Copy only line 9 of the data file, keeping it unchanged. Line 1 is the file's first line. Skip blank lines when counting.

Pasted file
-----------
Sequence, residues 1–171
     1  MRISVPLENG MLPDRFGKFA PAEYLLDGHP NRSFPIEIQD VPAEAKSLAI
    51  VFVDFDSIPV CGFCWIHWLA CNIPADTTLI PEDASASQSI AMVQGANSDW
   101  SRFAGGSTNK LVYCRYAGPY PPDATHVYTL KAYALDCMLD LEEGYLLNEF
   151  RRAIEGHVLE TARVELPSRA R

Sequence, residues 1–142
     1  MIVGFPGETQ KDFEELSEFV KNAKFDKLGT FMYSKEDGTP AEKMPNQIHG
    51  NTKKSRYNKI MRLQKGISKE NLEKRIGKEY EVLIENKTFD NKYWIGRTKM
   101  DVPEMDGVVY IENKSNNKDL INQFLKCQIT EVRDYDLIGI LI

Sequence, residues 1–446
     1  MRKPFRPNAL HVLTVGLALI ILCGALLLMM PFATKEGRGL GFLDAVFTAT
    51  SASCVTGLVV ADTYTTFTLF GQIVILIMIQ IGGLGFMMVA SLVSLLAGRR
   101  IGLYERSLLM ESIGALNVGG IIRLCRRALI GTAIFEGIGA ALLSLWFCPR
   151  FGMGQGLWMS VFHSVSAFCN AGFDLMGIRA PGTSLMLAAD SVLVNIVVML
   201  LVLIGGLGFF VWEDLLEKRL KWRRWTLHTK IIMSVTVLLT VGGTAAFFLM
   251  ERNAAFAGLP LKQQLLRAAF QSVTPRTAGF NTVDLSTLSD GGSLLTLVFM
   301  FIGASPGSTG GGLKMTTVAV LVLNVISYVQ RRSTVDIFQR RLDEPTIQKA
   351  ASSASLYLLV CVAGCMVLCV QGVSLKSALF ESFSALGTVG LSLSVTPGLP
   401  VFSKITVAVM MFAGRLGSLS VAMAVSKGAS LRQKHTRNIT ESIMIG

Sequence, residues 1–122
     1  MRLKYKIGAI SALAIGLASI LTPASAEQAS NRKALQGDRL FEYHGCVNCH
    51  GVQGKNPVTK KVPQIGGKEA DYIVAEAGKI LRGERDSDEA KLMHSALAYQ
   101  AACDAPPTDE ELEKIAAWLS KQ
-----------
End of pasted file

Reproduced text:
   101  DVPEMDGVVY IENKSNNKDL INQFLKCQIT EVRDYDLIGI LI